Tina Rosenberg reports that although the global poverty numbers have decreased since the 1970s, the ultra-poor have remained ultra-poor over the same time period. That’s because ultra-poverty “is a trap so deep, people can’t take advantage of ways to improve their lives.”
One organization has a plan to move the global ultra-poor out of the ultra-poverty cycle: Ultra-Poor Graduation Initiative in BRAC USA, an affiliate of the giant antipoverty group BRAC (forrmerly named the Bangladesh Rural Advancement Committee). BRAC’s plan involves giving folks an asset that can generate money (such as a cow, chickens, goods to start a store, or land) and a food or cash grant. BRAC also sets up committees in local villages, for the purpose of educating residents, and provides training in growing and maintaining vegetable gardens. BRAC commits to work with individual communities for a two year period, to make sure that the residents have a substantial boost to exit ultra-poverty.
Rosenberg reports that BRAC produces remarkable results:
“Virtually all the participants changed their lives. A year after the program ended, 97 percent had satisfied at least six of 10 indicators (having things like cash savings, steady access to food, diversified income, a latrine, a tin roof, or using family planning) and were considered graduated. Three years later, the number was 98 percent.”
Based on BRAC’s success in Bangladesh, its program has expanded to 20 countries. As Rosenberg notes:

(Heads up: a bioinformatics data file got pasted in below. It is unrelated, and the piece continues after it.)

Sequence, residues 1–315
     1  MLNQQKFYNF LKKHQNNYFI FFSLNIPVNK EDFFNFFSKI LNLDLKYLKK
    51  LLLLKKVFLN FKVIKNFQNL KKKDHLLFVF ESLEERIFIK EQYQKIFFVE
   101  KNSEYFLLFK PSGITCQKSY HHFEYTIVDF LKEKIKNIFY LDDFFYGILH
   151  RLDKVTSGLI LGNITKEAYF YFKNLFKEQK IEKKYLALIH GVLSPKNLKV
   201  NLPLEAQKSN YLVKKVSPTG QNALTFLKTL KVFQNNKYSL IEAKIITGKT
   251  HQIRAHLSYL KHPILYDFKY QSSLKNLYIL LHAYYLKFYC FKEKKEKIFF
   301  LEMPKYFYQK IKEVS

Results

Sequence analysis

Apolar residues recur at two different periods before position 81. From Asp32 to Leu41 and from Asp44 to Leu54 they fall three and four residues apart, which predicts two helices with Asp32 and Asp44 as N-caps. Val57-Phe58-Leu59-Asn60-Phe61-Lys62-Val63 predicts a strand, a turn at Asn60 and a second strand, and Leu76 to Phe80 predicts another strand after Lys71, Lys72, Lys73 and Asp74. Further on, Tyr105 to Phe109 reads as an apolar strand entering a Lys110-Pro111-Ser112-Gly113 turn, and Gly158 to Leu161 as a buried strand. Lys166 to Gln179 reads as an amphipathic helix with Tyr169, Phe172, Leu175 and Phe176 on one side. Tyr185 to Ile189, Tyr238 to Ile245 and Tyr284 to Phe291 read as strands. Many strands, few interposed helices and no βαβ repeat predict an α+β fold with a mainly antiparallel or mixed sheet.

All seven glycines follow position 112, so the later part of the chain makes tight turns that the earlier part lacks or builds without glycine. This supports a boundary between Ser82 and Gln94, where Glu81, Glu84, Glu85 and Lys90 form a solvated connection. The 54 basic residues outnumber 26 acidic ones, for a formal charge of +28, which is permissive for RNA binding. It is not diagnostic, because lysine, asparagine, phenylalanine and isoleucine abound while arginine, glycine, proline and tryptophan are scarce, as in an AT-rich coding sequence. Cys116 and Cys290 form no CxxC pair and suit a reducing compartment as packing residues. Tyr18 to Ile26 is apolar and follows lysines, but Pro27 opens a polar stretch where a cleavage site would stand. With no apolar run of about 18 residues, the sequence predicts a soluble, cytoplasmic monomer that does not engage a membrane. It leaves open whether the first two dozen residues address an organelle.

“Although the countries varied in numerous ways, the program succeeded everywhere. Families ate more, were more certain about access to food, held more assets, had more income and savings, spent more time working, and enjoyed better mental and physical health. Women had more say in family decisions. When families were revisited a year after the program stopped, the benefits had largely persisted, and in some cases had increased.”
To conclude her article, Rosenberg adds:
“In a lecture at Harvard, Esther Duflo argued that something less tangible is going on: the effect of suddenly having hope. “What we hypothesize, although we cannot directly confirm it using this data, is that this improved mental health is what gave participants the energy to work more, save and invest in their children — we see in the data that children spend more time studying,” she said. “A little bit of hope and some reassurance that an individual’s objectives are within reach can act as a powerful incentive.”